In the last sideswipe, the minivan forced the SUV into a light pole. A number of passengers were ejected, and a witness told police that “bodies were flying like airplanes,” said Assistant State’s Atty. Lorraine Scaduto.

Tran, 23, helped pull two friends from the wreckage before firefighters stopped him. Tran spoke to Herrera. “I asked her, ‘Are you OK? She said, ‘I’m not OK.’ But [I told her], ‘Don’t worry about it. They’re going to get a stretcher and take you to the hospital.’ “

After the crash, the minivan took off and was found abandoned near the intersection of Augusta and Central Park Avenue.

Investigators believe Santiago chased down the SUV because he mistook it for the one used in his friend’s shooting, two law enforcement sources said. The friend was wounded.

Santiago, of the 3200 block of West North Avenue, is an alleged member of the Latin Kings who has numerous arrests, according to the sources. The man who was shot earlier that morning — at 3 a.m. at Division Street and Central Park — was a known associate of his, the sources said.

On Monday, family and friends of the victims gathered at some of their homes and Northwestern Memorial Hospital as Penkala’s family sat at his bedside and spoke of their shock at what had happened.

Penkala’s mother, Lorraine, kept constant vigil on her son Monday evening, her eyes fixed on him and her hand squeezing his, trying to get the slightest response as he lay in a bed motionless. Machines hummed around him.

She and her husband told tales of their son as an energetic, happy-go-lucky young man with dreams of earning a commercial driver’s license and becoming a truck driver.

“He’s the greatest, he was never a problem. We love him,” said his father, Howard, who could only imagine what was racing through his son’s mind as he tried to navigate to safety.

“He was probably scared out of his wits,” Penkala said. “[He probably thought], ‘Why are you guys doing this to this to us? What did we do?’ And it was a mistake.”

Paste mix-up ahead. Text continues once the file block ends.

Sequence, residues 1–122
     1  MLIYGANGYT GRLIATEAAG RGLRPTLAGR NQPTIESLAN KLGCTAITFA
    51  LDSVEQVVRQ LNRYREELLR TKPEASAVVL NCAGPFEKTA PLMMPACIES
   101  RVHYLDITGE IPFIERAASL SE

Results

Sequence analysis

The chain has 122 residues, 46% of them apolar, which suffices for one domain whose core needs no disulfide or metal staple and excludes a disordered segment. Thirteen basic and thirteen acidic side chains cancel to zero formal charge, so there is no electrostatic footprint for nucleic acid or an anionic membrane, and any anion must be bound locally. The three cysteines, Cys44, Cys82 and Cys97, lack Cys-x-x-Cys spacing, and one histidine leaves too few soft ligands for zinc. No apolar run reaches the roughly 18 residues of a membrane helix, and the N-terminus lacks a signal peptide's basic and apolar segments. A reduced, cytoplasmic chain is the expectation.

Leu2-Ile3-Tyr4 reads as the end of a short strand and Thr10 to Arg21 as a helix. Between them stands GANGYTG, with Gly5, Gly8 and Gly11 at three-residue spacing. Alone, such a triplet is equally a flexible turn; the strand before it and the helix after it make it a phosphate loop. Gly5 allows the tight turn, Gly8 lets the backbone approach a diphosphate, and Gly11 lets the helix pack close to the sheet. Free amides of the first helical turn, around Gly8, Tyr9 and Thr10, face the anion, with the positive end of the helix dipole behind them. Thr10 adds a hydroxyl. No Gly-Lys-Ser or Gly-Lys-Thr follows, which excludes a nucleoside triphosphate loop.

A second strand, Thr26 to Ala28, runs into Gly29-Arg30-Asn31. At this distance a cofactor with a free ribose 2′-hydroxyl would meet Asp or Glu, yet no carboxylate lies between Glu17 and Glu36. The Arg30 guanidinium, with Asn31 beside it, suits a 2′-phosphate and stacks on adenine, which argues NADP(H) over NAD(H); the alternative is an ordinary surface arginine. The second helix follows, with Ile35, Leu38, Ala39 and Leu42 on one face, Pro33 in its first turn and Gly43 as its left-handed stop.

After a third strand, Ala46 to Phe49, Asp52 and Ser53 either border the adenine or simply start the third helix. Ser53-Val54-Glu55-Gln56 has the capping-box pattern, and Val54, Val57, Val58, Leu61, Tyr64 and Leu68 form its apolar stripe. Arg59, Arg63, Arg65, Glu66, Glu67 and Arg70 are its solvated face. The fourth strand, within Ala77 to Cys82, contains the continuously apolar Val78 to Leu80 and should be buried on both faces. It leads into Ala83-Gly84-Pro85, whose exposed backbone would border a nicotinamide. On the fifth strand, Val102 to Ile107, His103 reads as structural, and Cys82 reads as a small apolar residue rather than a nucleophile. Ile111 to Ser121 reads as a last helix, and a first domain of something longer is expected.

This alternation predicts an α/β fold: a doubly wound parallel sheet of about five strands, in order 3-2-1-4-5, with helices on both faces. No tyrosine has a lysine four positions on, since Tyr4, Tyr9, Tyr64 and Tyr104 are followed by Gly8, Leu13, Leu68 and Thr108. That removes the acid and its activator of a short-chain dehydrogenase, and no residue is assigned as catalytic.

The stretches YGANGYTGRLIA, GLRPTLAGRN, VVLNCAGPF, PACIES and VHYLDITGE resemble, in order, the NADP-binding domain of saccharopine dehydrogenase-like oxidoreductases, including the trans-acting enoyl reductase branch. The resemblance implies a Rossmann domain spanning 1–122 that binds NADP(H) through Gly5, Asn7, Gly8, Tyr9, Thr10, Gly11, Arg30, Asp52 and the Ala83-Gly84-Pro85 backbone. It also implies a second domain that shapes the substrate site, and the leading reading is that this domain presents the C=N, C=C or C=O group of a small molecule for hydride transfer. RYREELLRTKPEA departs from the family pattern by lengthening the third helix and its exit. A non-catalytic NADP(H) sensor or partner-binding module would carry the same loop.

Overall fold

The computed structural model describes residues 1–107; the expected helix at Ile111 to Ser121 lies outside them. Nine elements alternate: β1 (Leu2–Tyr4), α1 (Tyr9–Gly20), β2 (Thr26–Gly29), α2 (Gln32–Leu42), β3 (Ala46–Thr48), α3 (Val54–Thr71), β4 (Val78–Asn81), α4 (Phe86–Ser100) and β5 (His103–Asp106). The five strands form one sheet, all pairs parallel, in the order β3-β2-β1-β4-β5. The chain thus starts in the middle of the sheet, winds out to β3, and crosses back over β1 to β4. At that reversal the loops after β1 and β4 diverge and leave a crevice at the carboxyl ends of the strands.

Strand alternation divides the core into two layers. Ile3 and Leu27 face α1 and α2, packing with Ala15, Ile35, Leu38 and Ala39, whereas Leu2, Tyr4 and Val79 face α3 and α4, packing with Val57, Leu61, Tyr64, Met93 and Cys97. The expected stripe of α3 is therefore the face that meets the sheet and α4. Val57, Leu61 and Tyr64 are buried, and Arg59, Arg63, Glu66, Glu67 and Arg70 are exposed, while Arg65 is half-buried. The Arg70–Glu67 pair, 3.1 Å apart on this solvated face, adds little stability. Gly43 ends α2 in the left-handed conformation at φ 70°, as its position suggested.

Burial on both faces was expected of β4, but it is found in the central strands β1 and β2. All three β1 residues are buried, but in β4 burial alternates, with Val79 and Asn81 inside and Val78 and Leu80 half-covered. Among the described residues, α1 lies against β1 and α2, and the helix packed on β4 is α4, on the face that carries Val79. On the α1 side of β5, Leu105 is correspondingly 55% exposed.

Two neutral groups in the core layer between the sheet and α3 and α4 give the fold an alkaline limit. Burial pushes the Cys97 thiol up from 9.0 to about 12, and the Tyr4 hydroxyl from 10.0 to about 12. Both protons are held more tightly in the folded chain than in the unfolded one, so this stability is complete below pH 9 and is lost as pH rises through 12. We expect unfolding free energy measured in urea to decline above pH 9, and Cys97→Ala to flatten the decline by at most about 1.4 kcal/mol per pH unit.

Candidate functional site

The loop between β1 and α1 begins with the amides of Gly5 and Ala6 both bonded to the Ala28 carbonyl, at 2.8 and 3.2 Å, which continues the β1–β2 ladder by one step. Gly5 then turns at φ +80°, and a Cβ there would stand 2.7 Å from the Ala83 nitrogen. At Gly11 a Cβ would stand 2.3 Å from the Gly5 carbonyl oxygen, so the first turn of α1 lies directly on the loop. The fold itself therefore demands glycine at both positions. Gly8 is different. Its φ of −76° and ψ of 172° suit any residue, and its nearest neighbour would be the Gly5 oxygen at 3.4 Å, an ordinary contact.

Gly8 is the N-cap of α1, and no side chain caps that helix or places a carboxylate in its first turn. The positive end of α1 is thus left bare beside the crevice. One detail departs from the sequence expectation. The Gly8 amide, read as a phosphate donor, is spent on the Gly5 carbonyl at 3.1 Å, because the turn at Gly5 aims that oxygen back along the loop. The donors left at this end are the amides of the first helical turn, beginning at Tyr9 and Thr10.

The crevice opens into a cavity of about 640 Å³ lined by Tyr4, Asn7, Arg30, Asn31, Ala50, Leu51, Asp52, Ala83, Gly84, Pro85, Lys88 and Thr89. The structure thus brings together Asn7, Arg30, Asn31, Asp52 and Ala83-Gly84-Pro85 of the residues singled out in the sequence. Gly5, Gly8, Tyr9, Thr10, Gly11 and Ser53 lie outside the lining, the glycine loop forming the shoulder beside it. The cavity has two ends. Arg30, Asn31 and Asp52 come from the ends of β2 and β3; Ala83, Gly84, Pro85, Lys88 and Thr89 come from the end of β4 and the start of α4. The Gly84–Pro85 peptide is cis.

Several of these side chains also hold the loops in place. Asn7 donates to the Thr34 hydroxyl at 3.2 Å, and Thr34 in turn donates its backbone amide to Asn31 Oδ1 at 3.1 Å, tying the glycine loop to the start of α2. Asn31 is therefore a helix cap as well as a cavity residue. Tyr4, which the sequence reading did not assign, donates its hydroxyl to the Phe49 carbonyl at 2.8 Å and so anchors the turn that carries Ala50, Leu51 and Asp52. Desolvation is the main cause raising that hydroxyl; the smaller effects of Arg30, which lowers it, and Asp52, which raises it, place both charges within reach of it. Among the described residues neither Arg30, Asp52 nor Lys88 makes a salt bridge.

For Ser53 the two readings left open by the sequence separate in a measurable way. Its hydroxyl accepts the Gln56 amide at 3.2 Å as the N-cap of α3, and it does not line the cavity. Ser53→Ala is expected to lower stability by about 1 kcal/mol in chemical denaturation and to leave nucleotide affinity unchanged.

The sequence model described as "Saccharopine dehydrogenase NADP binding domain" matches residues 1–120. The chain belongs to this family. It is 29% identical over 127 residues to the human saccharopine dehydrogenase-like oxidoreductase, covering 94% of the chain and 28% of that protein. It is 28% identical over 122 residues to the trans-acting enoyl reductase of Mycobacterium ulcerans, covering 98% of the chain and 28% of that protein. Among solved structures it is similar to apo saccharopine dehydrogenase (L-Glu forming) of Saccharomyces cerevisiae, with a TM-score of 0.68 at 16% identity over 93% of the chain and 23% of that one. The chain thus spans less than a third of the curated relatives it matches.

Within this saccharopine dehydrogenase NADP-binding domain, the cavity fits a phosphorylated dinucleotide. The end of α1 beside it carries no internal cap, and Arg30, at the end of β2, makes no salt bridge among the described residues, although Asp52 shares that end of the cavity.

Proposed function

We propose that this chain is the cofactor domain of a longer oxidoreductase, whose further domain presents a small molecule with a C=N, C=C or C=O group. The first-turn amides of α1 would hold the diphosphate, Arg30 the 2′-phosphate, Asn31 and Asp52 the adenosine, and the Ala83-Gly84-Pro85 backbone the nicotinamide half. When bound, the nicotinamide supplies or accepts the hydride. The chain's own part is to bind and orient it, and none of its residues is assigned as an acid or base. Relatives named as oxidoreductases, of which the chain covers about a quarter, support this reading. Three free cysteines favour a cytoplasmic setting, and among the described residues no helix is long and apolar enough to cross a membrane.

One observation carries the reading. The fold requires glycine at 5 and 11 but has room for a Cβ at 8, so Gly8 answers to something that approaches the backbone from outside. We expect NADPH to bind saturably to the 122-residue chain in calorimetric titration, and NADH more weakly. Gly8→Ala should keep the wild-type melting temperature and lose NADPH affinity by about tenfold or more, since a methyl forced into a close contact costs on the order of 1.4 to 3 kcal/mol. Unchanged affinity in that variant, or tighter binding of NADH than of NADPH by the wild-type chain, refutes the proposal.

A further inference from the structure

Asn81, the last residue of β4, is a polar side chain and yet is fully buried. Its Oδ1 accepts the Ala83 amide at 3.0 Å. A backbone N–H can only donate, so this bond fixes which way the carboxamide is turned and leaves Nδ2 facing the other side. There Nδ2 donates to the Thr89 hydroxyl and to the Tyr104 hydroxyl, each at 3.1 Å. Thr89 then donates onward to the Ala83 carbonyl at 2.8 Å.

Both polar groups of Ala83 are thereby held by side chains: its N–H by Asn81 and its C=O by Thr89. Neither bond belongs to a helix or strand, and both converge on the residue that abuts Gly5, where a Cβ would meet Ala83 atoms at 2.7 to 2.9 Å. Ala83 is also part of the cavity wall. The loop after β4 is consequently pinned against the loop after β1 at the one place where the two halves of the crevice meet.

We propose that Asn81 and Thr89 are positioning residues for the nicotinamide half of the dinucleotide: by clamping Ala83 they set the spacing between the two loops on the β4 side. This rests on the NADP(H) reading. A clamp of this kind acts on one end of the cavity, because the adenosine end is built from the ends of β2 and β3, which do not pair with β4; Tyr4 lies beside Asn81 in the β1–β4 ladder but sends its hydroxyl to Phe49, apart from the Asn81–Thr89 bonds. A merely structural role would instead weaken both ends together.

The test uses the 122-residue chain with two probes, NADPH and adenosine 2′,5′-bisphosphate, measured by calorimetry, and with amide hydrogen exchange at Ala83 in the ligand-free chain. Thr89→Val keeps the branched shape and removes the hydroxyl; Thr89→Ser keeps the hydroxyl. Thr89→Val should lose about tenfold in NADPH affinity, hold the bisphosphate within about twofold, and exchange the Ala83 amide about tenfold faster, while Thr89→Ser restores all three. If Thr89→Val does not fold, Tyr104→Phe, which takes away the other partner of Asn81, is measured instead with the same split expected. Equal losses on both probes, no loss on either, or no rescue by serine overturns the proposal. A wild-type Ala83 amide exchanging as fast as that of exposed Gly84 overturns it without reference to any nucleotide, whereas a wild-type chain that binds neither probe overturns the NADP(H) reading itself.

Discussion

Mike Vollmann, Penkala’s best friend and a passenger in the SUV, said the group never courted trouble and was only looking to have fun.

“It happened to the wrong people,” said Vollmann, 21. “We’re all good kids. We don’t cause problems. We didn’t deserve this. Just wrong place at the wrong time, mistaken identity.”

Herrera and one of the other young women were active at Our Lady of Mt. Carmel Catholic church in Melrose Park, said Rev. Leandro Fossa, who said he spent time at Mt. Sinai hospital with the Herrera family Monday.

Fossa, who initially contacted the Tribune Monday afternoon through an e-mail, said Herrera was close friends with another young woman in the SUV, identified in police reports as Christina Monarrez, 19, of Lombard. He said Herrera founded a group for young adults at the church and worked to better her community, helping to register voters for the last presidential election.

“Stephanie is a girl … that wanted to change her community, a girl with purpose, a girl with dreams,” he said later in a phone call. “How do you say something comforting now?

“A just person was … unjustly killed. There are not words for that. What we say to them is we are so proud of her. She did a lot for people her own age. She made a difference. … This mistake, no family should ever pass through.”

Tribune reporters Gerry Smith, Erika Slife and Jeremy Gorner contributed to this report. asweeney@tribune.

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  1. Tales of the CHAPLUPA!!